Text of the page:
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Legislators consider private IRS debt collection

Posted by Michael S. Anderson | Nov 09, 2015 | 0 Comments

Boston_Tea_Party-Cooper Boston_Tea_Party-Cooper The U.S. Senate passed it's version of a bill meant to fund the highway system, but included language in the bill that would privatize much of the IRS' collection responsibility.  The U.S. House of Representatives is working on it's own highway bill and may just include a similar provision.  (The House GOP Wants Private Debt Collectors To Take Over IRS Jobs – Huffington Post)

The Huffington Post Author covering the development sounds worried. I mean really, most people who owe the IRS are broke and private dead collectors abuse broke people, right?

Now…I don't necessarily disagree that most people who owe the IRS are living paycheck to paycheck, and I don't disagree that private debt collectors have a reputation for being meanies and using meanie words.

But the Author may want to consider a few things about the IRS:

First, thanks largely to a progressive tax system that punishes hard work and ingenuity and that the IRS enforces, the American economy has no edge.  Poverty is growing.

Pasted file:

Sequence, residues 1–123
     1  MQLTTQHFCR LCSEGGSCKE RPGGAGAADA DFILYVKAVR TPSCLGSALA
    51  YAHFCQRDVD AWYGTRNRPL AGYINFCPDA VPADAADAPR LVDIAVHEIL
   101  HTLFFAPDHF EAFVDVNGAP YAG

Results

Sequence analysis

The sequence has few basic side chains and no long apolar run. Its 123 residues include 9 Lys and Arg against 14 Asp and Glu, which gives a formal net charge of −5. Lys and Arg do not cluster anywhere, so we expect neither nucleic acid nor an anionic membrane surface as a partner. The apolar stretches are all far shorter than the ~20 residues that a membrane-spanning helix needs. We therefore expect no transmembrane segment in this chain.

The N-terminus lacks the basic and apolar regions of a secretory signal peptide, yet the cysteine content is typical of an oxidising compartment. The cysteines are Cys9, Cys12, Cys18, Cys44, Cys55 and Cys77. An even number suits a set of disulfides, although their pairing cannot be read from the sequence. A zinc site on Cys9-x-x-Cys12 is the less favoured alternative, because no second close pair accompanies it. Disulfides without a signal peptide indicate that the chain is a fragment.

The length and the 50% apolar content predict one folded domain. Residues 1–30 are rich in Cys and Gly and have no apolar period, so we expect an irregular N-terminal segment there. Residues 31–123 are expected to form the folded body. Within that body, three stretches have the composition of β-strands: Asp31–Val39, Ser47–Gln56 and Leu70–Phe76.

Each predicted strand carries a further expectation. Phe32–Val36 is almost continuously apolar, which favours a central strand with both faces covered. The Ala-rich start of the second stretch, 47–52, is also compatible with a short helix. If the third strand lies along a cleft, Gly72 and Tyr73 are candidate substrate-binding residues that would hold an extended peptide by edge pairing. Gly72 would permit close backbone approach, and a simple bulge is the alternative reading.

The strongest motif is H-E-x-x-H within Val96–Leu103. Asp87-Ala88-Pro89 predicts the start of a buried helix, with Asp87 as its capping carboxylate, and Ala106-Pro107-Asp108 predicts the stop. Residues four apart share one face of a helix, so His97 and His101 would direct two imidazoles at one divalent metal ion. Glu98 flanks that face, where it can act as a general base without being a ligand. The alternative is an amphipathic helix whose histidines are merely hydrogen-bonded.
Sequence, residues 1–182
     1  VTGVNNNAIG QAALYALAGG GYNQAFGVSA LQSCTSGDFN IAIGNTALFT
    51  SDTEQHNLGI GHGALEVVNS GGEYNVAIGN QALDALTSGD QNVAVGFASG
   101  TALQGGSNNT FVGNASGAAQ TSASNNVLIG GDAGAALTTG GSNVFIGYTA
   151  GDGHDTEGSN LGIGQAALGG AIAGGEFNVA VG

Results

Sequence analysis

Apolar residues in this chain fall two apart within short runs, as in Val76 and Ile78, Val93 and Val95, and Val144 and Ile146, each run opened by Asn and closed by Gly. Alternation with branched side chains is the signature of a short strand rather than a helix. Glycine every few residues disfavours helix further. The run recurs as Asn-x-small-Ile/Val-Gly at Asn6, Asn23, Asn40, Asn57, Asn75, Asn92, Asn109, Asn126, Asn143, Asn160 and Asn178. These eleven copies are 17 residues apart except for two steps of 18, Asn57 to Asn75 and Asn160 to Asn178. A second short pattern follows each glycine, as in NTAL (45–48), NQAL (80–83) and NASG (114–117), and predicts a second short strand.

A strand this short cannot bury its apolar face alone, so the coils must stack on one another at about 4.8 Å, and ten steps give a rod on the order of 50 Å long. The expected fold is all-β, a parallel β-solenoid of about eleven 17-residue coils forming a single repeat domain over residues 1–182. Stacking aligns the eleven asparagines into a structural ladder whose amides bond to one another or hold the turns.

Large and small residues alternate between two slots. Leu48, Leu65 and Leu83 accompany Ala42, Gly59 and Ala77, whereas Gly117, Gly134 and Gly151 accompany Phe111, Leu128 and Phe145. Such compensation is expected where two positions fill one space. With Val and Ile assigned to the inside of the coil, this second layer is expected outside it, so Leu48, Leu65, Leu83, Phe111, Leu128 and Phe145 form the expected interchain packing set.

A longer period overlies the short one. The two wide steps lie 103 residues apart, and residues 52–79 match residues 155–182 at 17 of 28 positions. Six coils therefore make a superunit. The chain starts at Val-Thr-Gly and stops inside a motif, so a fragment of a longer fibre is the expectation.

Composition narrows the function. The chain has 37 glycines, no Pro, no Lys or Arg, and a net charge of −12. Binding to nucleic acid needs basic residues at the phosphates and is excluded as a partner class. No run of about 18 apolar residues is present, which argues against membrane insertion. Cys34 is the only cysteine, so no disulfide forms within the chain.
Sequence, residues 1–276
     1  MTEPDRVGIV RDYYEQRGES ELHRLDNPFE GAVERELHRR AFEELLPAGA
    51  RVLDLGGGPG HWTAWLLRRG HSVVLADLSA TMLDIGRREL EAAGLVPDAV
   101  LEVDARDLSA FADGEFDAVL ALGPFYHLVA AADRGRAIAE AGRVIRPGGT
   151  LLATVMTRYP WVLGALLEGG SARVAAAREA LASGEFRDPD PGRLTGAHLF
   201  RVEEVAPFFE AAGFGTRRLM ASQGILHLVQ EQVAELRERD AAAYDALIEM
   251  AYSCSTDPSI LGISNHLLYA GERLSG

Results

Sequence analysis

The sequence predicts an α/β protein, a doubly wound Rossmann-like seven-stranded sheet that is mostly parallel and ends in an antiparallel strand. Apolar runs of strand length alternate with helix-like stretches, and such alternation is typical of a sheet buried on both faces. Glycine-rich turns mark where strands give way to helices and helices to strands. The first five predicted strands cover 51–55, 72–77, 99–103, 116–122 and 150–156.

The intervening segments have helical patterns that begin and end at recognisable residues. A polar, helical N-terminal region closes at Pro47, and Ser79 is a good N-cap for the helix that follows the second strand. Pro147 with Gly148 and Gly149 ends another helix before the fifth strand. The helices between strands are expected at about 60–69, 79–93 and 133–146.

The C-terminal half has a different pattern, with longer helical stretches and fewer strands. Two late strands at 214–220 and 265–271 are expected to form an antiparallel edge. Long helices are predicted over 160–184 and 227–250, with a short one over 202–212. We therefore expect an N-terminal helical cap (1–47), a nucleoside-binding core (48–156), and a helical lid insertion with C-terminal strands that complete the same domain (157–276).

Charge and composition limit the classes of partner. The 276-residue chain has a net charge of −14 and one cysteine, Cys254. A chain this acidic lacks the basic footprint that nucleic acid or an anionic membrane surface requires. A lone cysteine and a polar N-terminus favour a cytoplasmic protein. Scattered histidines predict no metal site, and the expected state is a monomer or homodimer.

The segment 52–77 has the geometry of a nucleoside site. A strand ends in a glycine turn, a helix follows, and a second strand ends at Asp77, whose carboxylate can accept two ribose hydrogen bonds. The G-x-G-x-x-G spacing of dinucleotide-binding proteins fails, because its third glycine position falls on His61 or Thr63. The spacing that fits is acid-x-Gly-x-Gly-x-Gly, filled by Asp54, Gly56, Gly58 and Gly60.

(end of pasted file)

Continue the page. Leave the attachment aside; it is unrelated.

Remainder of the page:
Second, debt collectors are meanies sometimes, but the idea that the IRS collection system is any less “abusive” than private debt collection is absurd.  IRS collection is abusive by definition and it's abusive in reality every single day.

Making the second point is easy.

The IRS needs nothing more than 30 days of time after the issuance of a final notice letter to seize most of a paycheck.  No lawsuit needs to be filed, and the burden of proof is on the taxpayer to get out of a jam.

I spoke earlier this week, to a young mother of 4 whose husband earns $45,000.00 per year.  His paycheck is being levied and much of the check is taken. He has tried to stop the levy by speaking with IRS collection, but the IRS won't stop it until he provides a financial statement disclosing all of the families private financial information, and two missing tax returns that re-disclose private financial information.

Of course, the Husband isn't aware of the short term hardship provisions that exist, but the IRS collection department didn't explain that option to him, and has forced him to seek help, while trying to keep his job and feed his family.

I can't count how many clients have complained to me about the attitude an IRS Officer used during a discussion.  If the Author doesn't think IRS collection personnel don't “dress down” taxpayers, he needs to ask around a bit.  Throwing some private debt collection into the mix will be nothing new.  The Huffington Post Author shouldn't kid himself.

About the Author

Michael S. Anderson

Michael Anderson has been representing Arizonans with tax debt problems for almost two decades and has helped his clients eliminate millions of dollars in tax debt. His tax debt practice is limited to helping individuals and the self-employed who have serious IRS and other debt problems. He provi...

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